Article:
Wednesday, August 19, 2009

Preserve Today, Consume Tomorrow

I don't want to alarm you, but winter is just around the corner. If you're considering an attempt at the 100-mile diet, now is the time to prepare, because those winter months can be awfully daunting. Being Canadian means long, cold winters, with little to no fresh produce available. Usually, during the winter months, I would rely on our neighbours to the south for fresh produce, but this year I'm preparing ahead of time so that I can enjoy local, organic produce all winter long.There are a number of different ways you can preserve food; freezing, drying, canning, and pickling. Here is a list of the things that I have preserved this year, so far: Apricots, beans (yellow and green), blueberries, brocolli, carrots, cauliflower, peas, peaches, peppers, pickles, raspberries, soups, strawberries, tomatoes, and tomato sauce. Preservation methods for each to follow...


This year I tried my hand at canning and apricots proved to be the easiest to can. I used 500 ml jars, since 1 L seemed too big and 250 ml seemed too small. Apricots will be delicious with some homemade vanilla yogurt in the winter. In case anyone's curious to know, I purchased my apricots at the Guelph Farmers Market for $10 a basket. The apricots were locally grown, and although I clearly remember telling myself that I would not forget the name of the farm that grew them, I have clear forgotten. Sorry.

To begin, wash the apricots thoroughly. Then cut them in half and pit them, but do not peel. Apricots are SO easy to handle. The pit practically falls out of the fruit, and since you don't have to peel them, the process is much easier and less messy.

Place the fruit in a colour protection solution. You can buy this in a sachet from the pickling section of your local grocery store or, like me, you can come up with a DIY home solution. I mix a 1/4 cup of lemon juice per 4 cups of water. This helps preserve the natural colour of the fruit, otherwise they would turn brown during the canning process. I tried to tell myself that I wouldn't actually mind this, but in all honesty, presentation is just as important as flavour. I couldn't proudly serve brown apricots to my friends. :)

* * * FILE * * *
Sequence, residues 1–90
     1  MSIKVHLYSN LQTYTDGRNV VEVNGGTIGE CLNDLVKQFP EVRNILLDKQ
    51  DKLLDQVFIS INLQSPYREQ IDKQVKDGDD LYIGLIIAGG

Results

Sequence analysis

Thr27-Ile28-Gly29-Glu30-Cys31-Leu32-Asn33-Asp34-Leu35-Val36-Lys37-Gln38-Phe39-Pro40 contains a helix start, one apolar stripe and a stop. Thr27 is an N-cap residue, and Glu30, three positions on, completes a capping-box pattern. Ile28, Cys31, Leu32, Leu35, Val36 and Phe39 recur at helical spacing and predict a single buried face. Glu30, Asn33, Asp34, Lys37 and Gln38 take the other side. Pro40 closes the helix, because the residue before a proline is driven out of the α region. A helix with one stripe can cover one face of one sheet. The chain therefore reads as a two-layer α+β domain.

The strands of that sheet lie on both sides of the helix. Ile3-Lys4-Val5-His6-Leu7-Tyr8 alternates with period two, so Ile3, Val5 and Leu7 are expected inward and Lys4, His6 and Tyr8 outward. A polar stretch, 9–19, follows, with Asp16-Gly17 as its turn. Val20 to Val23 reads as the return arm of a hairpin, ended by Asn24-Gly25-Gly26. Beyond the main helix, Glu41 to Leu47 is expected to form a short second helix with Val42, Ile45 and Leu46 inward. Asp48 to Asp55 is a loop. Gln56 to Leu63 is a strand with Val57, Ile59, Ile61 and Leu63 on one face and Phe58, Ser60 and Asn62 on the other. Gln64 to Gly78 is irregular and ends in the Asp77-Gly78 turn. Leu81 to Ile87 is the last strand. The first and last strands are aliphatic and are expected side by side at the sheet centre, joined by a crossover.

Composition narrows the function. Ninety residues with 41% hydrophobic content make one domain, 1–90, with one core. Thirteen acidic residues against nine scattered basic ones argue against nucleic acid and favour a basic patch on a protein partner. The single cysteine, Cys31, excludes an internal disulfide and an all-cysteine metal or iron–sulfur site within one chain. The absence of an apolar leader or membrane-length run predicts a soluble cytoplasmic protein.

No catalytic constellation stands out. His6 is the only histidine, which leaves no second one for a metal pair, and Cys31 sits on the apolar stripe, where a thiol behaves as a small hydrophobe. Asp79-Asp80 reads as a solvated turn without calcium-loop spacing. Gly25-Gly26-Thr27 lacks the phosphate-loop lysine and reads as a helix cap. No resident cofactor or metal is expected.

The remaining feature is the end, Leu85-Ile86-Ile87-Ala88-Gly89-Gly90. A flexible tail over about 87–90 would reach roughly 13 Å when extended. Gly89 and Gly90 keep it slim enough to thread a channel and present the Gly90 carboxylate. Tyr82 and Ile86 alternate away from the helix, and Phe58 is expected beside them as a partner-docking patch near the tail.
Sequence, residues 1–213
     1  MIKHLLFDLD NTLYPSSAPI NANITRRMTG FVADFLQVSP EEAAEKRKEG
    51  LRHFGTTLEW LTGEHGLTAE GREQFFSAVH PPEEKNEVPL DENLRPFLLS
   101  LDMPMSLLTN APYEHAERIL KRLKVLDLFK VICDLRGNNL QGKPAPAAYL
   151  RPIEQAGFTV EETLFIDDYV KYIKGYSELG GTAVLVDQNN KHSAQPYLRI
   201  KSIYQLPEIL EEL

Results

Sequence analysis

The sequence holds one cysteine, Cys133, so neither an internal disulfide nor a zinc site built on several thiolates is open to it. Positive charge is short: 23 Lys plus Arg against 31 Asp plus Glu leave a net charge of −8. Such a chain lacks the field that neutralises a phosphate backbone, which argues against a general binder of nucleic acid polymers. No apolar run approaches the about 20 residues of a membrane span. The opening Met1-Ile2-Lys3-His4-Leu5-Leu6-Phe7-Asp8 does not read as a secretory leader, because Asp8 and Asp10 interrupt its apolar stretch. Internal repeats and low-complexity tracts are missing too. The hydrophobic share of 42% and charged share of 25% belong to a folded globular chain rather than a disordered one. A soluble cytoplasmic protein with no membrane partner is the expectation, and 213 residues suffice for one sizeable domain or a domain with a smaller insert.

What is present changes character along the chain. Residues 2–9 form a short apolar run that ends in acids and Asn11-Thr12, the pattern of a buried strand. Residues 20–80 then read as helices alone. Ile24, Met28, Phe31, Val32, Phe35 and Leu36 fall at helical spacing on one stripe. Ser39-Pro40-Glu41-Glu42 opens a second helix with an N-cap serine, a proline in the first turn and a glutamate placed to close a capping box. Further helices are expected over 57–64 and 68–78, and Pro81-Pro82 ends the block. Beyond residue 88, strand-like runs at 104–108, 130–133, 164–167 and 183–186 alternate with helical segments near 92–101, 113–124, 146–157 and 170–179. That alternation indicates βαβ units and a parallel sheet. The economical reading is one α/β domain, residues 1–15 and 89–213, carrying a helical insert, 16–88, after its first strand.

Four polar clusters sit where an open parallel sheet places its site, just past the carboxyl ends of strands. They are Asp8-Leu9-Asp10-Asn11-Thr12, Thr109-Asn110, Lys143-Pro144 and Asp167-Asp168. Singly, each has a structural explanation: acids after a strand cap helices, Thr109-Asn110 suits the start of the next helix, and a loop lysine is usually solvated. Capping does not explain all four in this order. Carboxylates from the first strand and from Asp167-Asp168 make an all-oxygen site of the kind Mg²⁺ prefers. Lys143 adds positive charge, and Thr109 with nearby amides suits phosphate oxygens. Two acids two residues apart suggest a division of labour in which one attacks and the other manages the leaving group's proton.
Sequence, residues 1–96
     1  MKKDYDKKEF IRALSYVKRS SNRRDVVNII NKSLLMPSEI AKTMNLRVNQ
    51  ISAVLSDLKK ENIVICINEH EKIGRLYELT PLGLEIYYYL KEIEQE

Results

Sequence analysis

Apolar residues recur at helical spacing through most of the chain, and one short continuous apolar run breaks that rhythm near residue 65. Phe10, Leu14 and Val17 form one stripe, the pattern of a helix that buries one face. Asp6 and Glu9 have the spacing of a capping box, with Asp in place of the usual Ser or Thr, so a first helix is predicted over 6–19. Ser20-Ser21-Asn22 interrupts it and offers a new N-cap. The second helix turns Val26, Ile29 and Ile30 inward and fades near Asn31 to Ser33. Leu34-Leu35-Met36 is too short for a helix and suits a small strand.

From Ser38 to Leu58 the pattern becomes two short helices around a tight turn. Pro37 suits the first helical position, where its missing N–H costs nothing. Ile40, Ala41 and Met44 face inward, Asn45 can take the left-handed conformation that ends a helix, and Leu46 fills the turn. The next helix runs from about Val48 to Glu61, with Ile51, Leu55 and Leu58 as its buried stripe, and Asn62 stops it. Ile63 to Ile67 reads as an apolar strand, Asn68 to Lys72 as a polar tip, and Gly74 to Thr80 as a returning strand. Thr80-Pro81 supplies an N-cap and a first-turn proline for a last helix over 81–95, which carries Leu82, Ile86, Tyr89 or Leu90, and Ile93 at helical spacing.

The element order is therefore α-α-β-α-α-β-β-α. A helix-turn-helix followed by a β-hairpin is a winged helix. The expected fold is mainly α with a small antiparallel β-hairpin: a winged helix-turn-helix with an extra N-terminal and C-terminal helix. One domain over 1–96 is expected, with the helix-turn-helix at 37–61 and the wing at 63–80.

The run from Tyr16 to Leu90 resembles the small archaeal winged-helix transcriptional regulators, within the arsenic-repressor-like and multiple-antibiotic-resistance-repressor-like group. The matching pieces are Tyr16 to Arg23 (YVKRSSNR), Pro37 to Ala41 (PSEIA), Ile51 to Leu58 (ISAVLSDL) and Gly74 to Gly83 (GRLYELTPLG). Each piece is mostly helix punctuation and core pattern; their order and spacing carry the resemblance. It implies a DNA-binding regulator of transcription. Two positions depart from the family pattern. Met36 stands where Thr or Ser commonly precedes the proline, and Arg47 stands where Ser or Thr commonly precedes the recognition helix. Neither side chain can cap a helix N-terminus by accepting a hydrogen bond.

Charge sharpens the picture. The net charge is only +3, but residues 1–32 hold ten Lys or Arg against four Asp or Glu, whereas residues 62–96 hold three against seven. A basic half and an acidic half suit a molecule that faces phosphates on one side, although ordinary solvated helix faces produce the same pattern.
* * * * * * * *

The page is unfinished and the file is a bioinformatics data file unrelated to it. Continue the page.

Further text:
Apricots should be preserved in a medium syrup, otherwise they'll be tart. A medium syrup requires more sugar than I've ever used in anything before! Add 3 cups of sugar to 5 cups of water. Bring the solution to a boil and then leave it to barely simmer on the stove. You don't want to boil it too long or the solution will reduce to a thick mixture of sugary goo.

Boil the empty 500 ml jars for about 5-10 mins to remove any bacteria. Pack the jar full of apricots while still hot. Pack apricots on top of each other, cavity side down. I found that the apricots naturally wanted to land on the opposite side than I wanted them to, so I slid them down a knife as a guide. Once the jar is packed full, pour the hot syrup over the top, leaving enough space at the top... about a half inch. Use a wooden spoon (non-metallic kitchen utensil) to gently coax air bubbles out of hiding. Then top with a seal that has been kept in a pot of hot, but not boiling, water. Put on the screw cap, but do not over tighten.

Boil jars in a large pot of water for 25 minutes,

making sure that the water covers the lids. When done, carefully remove without moving contents, towel off excess liquid, and store in a cool, dry place overnnight. Label with contents and date. Boiling times for 1 L jars are 30 mins. Enjoy!

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